Diversity and Inclusion: Working from the Top Down
by Suzanne Price
Originally published in the ACCJ Journal, December 2012.
Diversity and inclusion: two words that are talked about in business circles but not always taken seriously by senior or middle-managers. Paying D&I lip service because “it is the right thing to do” will not have much impact if there is no buy-in by senior and middle management. People inside and outside the organization can easily pick up on tokenism. Compelling and sincere messages and actions from managers at all levels are major factors contributing to changing the mindset and culture. The simple fact is that diversity and inclusion are about fairness and a strategy that, if done well, can lead to a competitive advantage.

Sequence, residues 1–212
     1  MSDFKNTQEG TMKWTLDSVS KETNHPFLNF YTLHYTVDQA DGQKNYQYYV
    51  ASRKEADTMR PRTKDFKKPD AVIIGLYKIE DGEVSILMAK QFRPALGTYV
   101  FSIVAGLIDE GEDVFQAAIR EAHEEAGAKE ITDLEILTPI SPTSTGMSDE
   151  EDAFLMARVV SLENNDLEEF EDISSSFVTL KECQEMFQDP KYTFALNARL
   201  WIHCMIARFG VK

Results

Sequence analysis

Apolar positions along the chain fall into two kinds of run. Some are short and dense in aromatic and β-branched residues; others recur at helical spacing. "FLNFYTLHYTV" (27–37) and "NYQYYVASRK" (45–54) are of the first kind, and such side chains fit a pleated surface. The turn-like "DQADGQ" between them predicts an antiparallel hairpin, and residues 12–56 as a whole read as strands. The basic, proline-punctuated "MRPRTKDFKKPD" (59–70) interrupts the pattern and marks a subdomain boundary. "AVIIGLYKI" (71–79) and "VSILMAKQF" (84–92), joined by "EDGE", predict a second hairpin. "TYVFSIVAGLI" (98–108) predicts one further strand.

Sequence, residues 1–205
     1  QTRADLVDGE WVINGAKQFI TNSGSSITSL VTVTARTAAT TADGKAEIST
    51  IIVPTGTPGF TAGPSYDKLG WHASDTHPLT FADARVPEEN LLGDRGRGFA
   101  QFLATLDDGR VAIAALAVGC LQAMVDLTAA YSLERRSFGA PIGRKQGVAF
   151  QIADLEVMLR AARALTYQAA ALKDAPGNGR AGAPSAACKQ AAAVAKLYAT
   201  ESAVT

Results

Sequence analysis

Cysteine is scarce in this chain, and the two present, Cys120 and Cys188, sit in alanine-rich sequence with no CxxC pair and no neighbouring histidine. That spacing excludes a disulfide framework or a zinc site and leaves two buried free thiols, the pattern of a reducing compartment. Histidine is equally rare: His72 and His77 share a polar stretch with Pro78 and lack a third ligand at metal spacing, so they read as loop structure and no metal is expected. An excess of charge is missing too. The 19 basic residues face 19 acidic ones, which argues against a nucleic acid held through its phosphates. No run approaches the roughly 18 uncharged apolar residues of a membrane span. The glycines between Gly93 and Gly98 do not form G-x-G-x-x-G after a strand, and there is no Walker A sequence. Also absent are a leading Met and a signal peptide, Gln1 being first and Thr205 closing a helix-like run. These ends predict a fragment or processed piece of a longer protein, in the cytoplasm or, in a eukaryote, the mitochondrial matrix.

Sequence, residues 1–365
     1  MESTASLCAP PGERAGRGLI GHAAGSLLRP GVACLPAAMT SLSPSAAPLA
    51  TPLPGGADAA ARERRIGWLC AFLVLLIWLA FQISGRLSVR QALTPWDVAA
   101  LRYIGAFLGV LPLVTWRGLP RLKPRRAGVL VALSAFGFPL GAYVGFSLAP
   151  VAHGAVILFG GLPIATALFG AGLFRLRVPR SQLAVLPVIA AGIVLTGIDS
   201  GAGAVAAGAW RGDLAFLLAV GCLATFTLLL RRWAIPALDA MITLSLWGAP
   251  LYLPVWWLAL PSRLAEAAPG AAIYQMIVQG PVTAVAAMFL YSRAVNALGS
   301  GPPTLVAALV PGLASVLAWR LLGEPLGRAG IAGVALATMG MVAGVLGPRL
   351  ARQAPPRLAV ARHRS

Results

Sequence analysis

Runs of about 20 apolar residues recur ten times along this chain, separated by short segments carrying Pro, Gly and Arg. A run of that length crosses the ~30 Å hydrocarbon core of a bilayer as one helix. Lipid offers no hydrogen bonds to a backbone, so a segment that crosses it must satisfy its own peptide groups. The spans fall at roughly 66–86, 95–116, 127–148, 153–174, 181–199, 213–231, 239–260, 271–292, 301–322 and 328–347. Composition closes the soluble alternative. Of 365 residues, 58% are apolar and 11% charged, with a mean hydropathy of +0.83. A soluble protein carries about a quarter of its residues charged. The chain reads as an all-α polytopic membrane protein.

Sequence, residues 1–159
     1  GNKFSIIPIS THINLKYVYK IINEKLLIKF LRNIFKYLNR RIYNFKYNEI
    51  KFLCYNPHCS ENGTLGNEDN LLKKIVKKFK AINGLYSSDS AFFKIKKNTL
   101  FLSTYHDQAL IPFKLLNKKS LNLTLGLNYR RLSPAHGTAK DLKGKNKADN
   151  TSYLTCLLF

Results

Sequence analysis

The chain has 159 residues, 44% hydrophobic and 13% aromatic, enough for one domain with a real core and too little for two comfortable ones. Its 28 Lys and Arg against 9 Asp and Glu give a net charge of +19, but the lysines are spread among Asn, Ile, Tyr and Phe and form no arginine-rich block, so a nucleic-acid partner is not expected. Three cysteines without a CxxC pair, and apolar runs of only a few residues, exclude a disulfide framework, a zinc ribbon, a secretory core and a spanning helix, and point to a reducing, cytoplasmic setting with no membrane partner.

Don’t for one moment think that for senior leaders, implementing D&I is an easy undertaking. Rather, it is a long-term and active investment in organizational, intrapersonal and interpersonal change. While there are plenty of statistics and research, showing how diverse teams out-perform homogenous teams and how companies with a diverse board of directors are more successful, there is also potential for diverse teams to under-perform. Very few people mention this and, as a diversity expert myself, it may seem a counter intuitive observation for me to make. Well, here’s my point: diverse teams are more complex so require skillful management with heightened awareness of biases and diverse needs. Without a manager and a team who respect and include difference, there is potential for increased conflict and lower performance. The secret to making diversity work is to manage diverse teams well. It is not enough to simply hire for diversity and continue to manage the same way as before.